GA Semester Abroad: Q&A With Matthew Thees


Meet Matt, a Georgetown undergrad who decided to take a semester off to go through our Web Development Immersive course in Sydney. We caught up with Matt to hear about his experience.

1. Tell us about your decision to take WDI. What made you want to switch things up?

One of the reasons I decided to take a break from school was that I was unsure I wanted to stick with my major. I was a Government major at Georgetown University, but knew I had other interests, so I took the opportunity to go and explore them. Heading back to Georgetown in the fall (for Junior year) I am going to keep the Government major and add a Computer Science minor.

2. How did you hear about GA?

My dad, actually. He had just moved into a job where he had to work with a dev team, and was looking to find a class like General Assembly’s Programming for Non-Programmers. A friend of his recommended the class and my Dad brought me along for the workshop because he thought I’d enjoy it, and I did.

3. What made you choose to travel to the GA Sydney campus?

Taking a semester off from school to take a course close to home didn’t sound like an idea that my parents would accept, I thought it would need to be a bit more adventurous than that. I had always wanted to travel to Sydney, so when I saw that GA had a Sydney campus I jumped at the idea of taking the course there. Adding in an abroad experience made the idea more marketable to my parents, and added some excitement for me. It was a win, win.

4. What was it like taking WDI?

[It] is a lot like having a job for 3 months. It’s a course where you get out what you put in; there are no grades, or tests, or quizzes, so you can get away with doing the bare-minimum, but you end up not wanting to. For me, I was so interested in what we were learning to do, that it didn’t seem like coursework, but more like something I was doing for leisure. When a class feels like that, you know you are in the right place.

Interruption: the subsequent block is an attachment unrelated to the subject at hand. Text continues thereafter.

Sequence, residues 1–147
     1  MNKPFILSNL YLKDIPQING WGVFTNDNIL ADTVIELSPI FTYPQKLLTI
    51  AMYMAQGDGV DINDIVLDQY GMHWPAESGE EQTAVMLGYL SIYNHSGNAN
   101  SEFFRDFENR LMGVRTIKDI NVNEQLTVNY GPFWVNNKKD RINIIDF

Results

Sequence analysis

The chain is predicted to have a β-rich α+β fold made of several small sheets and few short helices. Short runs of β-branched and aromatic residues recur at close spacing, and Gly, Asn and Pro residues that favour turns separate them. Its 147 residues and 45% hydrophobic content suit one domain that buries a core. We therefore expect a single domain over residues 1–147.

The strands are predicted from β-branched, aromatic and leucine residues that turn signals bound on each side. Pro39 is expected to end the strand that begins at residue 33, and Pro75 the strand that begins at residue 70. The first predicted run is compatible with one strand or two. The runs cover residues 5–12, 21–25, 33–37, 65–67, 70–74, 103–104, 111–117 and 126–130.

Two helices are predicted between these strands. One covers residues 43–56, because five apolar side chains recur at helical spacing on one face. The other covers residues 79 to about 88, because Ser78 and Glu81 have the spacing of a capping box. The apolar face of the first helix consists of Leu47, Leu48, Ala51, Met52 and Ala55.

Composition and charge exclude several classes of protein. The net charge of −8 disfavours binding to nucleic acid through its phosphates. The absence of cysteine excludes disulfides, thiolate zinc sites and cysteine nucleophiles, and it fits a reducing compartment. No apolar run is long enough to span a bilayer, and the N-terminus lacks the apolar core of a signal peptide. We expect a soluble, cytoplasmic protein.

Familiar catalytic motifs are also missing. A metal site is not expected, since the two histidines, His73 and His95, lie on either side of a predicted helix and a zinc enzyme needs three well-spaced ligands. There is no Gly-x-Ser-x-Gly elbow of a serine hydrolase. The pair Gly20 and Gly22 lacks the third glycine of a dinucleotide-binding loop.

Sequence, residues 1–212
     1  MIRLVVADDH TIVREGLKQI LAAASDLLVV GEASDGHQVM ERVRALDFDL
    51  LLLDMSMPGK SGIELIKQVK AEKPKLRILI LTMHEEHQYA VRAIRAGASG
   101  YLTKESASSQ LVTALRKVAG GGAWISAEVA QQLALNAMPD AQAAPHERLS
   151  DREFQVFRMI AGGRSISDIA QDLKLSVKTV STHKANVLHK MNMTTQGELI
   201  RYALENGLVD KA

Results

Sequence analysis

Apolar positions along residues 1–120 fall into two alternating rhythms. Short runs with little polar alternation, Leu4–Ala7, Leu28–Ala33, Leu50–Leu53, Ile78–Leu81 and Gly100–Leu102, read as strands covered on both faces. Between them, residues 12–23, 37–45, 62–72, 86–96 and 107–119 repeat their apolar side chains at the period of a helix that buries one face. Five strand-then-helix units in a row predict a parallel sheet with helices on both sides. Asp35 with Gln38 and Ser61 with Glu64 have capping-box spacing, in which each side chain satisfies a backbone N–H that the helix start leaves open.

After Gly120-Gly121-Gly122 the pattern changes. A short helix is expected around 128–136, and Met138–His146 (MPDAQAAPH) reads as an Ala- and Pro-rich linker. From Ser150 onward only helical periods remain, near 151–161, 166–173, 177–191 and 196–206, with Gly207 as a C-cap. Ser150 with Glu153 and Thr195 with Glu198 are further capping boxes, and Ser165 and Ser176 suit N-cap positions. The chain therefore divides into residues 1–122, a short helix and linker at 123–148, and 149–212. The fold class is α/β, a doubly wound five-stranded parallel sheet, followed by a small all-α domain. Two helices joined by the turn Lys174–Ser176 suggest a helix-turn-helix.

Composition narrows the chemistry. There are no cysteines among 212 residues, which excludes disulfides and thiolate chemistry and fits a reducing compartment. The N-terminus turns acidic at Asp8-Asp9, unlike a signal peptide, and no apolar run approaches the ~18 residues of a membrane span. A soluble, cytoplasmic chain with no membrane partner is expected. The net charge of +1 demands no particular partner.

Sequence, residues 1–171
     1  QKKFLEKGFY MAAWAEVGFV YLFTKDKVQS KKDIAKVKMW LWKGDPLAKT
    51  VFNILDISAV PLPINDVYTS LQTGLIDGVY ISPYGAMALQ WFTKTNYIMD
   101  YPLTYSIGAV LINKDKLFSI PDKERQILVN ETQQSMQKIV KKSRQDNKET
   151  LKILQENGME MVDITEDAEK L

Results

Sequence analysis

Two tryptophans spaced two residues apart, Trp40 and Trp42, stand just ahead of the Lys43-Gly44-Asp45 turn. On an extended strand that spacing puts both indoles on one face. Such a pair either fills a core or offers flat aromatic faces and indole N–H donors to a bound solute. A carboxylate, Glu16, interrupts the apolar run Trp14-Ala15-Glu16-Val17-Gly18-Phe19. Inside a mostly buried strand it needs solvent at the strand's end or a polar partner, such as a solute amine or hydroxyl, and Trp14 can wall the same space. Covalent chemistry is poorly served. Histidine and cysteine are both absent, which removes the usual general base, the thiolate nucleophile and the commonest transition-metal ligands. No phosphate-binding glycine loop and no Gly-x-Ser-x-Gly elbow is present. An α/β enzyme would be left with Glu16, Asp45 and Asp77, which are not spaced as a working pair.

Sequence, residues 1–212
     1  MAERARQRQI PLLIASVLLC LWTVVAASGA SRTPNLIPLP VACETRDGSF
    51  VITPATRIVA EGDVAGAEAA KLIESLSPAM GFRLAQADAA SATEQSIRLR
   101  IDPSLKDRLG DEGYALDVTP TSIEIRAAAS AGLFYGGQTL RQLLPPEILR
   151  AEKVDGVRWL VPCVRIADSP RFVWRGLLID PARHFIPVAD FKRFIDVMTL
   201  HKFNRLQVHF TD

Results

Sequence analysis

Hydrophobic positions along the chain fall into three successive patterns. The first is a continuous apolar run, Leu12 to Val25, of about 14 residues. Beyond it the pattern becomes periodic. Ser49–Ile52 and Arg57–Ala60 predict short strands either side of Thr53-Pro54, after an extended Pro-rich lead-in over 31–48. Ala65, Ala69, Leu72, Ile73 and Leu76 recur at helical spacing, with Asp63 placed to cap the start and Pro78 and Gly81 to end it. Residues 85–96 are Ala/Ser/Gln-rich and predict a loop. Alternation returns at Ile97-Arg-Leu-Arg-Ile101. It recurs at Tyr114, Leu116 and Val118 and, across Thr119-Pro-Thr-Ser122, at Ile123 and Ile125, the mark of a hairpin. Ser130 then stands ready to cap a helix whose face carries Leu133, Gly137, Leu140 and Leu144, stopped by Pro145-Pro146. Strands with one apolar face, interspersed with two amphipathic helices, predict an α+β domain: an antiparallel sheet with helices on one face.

5. What was the most exciting part of the course?

This may sound cliche, but it’s hard to pick just one thing. If I had to, I’d say it was most exciting being able to truly demonstrate the progress I made. With this course you basically go from not knowing anything in week one, to building a fully functional web app in week four. Being able to build something that does something after just a few weeks of experience was extremely exciting. Being able to show it off to friends and family was an added bonus.

6. What was the biggest challenge you faced?

For me, especially in the beginning, it was being in a strange city. It was my first time truly being on my own in another country. After I got over that, I think it had to be “JavaScript Week”. I think it was either week 5 or week 6 of the course, but it was when we first went over JavaScript and how to use it. For some reason it didn’t click for me like some of the other material had. There was very little sleep that week, but it paid off in the end. Now, JavaScript is one of my strong suits.

7. What’s next?

That’s a good question.. I’m still exploring, really. Though I now have a much better sense of what I want to do after I graduate. Obviously I’m still in school, so internships for the two upcoming summers/ school years are pretty important on the “what’s next?” list for me. Lately, I have been working on designing a mobile app, so building that app is somewhere on the “what’s next?” list as well.

8. Any advice you’d like to share with other college students?

Just that they should consider General Assembly courses. I have heard too many times from my peers that courses like this are only for people in the working world who want to change their careers. While that is the case for many people, the courses are applicable in many more ways. For me, it was exploring an interest I have had for years, but never had the chance to cultivate. For you, it could be that you want a job in the dev world after you graduate, or you want to learn how to build that idea that’s been sitting in your head forever. I truly believe I learned more applicable skills for my future field in those 12 weeks than I did in the previous year of school, which is awesome.

Are you ready to learn a new skill in a new city?

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